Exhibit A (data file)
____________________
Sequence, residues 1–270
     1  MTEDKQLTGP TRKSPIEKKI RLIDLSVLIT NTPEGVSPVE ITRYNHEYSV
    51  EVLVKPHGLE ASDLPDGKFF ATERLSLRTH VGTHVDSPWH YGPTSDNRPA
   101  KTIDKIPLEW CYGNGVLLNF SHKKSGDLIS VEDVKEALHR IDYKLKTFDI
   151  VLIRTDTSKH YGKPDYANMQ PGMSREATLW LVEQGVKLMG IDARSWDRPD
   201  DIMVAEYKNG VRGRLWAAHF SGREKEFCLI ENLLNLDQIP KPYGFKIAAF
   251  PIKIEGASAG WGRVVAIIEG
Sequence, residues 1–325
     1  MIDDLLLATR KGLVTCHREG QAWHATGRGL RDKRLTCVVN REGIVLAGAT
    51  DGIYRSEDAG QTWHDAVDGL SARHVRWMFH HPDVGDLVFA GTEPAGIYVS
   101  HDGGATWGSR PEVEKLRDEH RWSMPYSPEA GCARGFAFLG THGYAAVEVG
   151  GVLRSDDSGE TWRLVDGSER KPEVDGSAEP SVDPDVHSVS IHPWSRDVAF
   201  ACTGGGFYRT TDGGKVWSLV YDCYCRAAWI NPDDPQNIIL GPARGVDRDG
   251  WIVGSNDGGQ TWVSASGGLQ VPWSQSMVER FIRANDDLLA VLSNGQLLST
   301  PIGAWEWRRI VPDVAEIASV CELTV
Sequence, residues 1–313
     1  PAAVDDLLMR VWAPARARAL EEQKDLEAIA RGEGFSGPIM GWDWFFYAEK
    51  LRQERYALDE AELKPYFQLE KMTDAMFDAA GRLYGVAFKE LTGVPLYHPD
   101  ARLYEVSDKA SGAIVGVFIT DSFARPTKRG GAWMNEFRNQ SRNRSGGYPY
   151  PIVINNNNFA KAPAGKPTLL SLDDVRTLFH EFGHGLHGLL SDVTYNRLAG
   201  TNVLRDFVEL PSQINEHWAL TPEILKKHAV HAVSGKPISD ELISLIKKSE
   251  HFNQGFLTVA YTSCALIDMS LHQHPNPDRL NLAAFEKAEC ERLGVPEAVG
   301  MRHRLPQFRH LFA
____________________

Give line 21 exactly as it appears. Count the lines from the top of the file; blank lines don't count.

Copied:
   201  TNVLRDFVEL PSQINEHWAL TPEILKKHAV HAVSGKPISD ELISLIKKSE